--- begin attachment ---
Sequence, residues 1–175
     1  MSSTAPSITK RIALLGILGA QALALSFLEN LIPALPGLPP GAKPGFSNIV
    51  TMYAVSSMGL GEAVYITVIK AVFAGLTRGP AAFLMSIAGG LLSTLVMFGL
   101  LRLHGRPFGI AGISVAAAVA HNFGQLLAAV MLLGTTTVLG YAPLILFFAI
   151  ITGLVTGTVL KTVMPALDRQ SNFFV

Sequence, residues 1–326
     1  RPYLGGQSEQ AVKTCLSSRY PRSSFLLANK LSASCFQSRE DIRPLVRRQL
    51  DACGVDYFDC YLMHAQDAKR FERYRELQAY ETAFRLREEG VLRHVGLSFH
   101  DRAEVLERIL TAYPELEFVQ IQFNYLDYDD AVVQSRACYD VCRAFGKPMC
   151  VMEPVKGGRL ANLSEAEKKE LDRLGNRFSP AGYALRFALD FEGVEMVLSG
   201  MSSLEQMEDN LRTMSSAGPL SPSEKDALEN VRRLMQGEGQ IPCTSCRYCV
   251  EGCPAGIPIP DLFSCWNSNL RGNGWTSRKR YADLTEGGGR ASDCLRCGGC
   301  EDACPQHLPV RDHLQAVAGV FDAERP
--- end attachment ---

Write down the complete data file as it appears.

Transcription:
Sequence, residues 1–175
     1  MSSTAPSITK RIALLGILGA QALALSFLEN LIPALPGLPP GAKPGFSNIV
    51  TMYAVSSMGL GEAVYITVIK AVFAGLTRGP AAFLMSIAGG LLSTLVMFGL
   101  LRLHGRPFGI AGISVAAAVA HNFGQLLAAV MLLGTTTVLG YAPLILFFAI
   151  ITGLVTGTVL KTVMPALDRQ SNFFV

Sequence, residues 1–326
     1  RPYLGGQSEQ AVKTCLSSRY PRSSFLLANK LSASCFQSRE DIRPLVRRQL
    51  DACGVDYFDC YLMHAQDAKR FERYRELQAY ETAFRLREEG VLRHVGLSFH
   101  DRAEVLERIL TAYPELEFVQ IQFNYLDYDD AVVQSRACYD VCRAFGKPMC
   151  VMEPVKGGRL ANLSEAEKKE LDRLGNRFSP AGYALRFALD FEGVEMVLSG
   201  MSSLEQMEDN LRTMSSAGPL SPSEKDALEN VRRLMQGEGQ IPCTSCRYCV
   251  EGCPAGIPIP DLFSCWNSNL RGNGWTSRKR YADLTEGGGR ASDCLRCGGC
   301  EDACPQHLPV RDHLQAVAGV FDAERP